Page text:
Celebrating Canada Day This Year?

Last year many Canadians were embarrassed to celebrate Canada Day as ground penetrating radar exposed the graves of many indigenous children who had attended the Kamloops residential school. The Maple Leaf was flown at half mast to acknowledge Canada’s shame and our pious Prime Minister quickly pled guilty, “I recognize these findings only deepen the pain that families, survivors and all Indigenous peoples and communities are already feeling as they reaffirm truth that they have long known.”

An article by Terry Glavin in the National Post concludes:

The fallout

In the end, after all the national convulsions sparked by last summer’s sensational headlines about the discoveries of at least 1,300 unmarked graves containing the remains of residential-school children, this is what we’re left with.

At the Kamloops Indian Residential School, ground penetrating radar identified 200 “probable” but unconfirmed burials of children from the residential school days.

At Cowessess, the graves of 751 Indigenous and non-Indigenous adults and children were enumerated and properly located in an old Catholic cemetery. At St. Eugene’s, there is a well-known cemetery, originally set aside for white settlers but a place where Indigenous people are buried as well, that had long ago lost its wooden crosses. The burials of 182 people have now been enumerated and properly located.

At Shubenacadie, extensive surveys came across the graves of Irish immigrants from a century before the old residential school there first opened its doors. Their graves were found in the area where former students had reported a burial site. At Penelakut Island, “160+” possible burials may or may not have been discovered last summer, and some of them might be associated with a long-shuttered residential school.

That’s what all the headlines were about.

Well worth the full read to restore some of your faith in Canada and allow you to celebrate one of the most tolerant and inclusive nations in the world.


The year of the graves: How the world’s media got it wrong on residential school graves

The coverage triggered protests, church arsons and condemnation from Canada’s bad-faith rivals, but last summer’s reporting on the country’s long-acknowledged historic shame had little to do with what happened. Terry Glavin reports.

Terry Glavin

May 26, 2022  •  3 hours ago  •  24 minute read  •  796 Comments 

Prime Minister Justin Trudeau lays a teddy bear at a small flag in a field prior to a ceremony at the site of a former residential school in Cowessess First Nation, Sask., on July 6, 2021.
Prime Minister Justin Trudeau lays a teddy bear at a small flag in a field prior to a ceremony at the site of a former residential school in Cowessess First Nation, Sask., on July 6, 2021. Photo by Liam Richards/Pool via REUTERS

This is how it all began, a year ago this week: ‘Horrible History’: Mass Grave of Indigenous Children Reported in Canada. On May 28, 2021, that’s how the New York Times headlined the first of a summer-long series of gruesome “discoveries” that precipitated a descent into paroxysms of shame, guilt and rage that swept across the country.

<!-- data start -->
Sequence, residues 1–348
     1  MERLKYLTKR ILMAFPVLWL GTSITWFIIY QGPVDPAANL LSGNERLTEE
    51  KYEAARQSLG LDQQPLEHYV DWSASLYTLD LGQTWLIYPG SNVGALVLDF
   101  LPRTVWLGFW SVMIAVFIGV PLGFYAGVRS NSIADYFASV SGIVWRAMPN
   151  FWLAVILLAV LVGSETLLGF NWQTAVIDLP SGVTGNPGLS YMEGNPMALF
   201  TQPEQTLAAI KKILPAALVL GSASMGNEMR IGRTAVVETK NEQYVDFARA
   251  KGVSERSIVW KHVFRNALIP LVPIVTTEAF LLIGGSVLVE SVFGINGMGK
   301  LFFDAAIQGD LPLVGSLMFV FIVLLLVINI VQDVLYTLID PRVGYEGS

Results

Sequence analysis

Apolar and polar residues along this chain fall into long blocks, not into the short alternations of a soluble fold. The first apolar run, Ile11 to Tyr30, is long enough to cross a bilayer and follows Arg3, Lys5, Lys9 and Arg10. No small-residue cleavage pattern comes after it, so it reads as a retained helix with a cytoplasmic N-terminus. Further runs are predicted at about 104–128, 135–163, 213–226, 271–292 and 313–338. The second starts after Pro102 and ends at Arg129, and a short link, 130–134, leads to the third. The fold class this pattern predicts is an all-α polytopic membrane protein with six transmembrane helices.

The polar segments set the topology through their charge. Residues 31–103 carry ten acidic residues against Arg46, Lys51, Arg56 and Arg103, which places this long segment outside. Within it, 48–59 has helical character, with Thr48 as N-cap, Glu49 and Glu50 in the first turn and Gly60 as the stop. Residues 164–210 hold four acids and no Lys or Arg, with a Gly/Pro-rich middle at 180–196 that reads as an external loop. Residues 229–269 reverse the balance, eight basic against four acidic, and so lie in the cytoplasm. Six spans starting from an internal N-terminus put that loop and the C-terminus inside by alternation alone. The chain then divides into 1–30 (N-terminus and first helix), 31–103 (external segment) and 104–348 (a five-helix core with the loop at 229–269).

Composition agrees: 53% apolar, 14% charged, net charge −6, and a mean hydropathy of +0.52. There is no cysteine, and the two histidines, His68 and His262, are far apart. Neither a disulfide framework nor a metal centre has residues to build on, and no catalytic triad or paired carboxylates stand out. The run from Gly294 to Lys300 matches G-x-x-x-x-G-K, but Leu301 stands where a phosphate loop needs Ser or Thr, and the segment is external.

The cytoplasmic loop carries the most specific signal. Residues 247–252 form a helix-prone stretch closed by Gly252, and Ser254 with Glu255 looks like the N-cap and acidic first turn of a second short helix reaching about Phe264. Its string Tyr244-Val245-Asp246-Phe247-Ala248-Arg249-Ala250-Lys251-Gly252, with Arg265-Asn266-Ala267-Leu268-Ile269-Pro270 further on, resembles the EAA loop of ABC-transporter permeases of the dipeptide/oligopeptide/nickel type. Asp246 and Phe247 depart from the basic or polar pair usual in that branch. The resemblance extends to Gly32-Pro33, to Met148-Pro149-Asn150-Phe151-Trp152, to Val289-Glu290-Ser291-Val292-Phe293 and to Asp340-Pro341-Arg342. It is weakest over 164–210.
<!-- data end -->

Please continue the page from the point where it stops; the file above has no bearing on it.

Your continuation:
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That first story was ostensibly about 215 children whose remains were discovered in a mass grave at the site of the long-shuttered Kamloops Indian Residential School, on the grounds of the main Tk’emlúps te Secwe̓pemc reserve in British Columbia’s southern interior. The New York Times headline illustrates the way the story was almost universally reported.

Except that’s not what happened in Kamloops.

In the following weeks, while the term “mass graves” generally gave way to “unmarked graves,” a cascade of breaking news events purported to reveal several discoveries of what eventually added up to more than 1,300 child burials at other residential school sites across Canada. Except that’s not what happened in those places, either.

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Still, there were protests and violence in cities and towns from one end of Canada to the other. Dozens of churches were vandalized. Several churches were razed to the ground, some of them beloved old Indian reserve churches where Indigenous communities had baptized their children and eulogized their dead going back generations.

Statues were toppled and smashed. Canada Day events were cancelled. The Maple Leaf was lowered on Parliament Hill and on all federal buildings across the country. United Nations human rights special rapporteurs called on Canada to conduct a full investigation.

The uproars were widely characterized as a “long overdue reckoning” with the legacy of Canada’s Indian residential schools. But nothing new about the schools was revealed last summer. Despite the saturation of news coverage, the international spotlight and the reopening of old wounds inflicted on so many Indigenous people in those schools over the years, nothing new was added to the public record.

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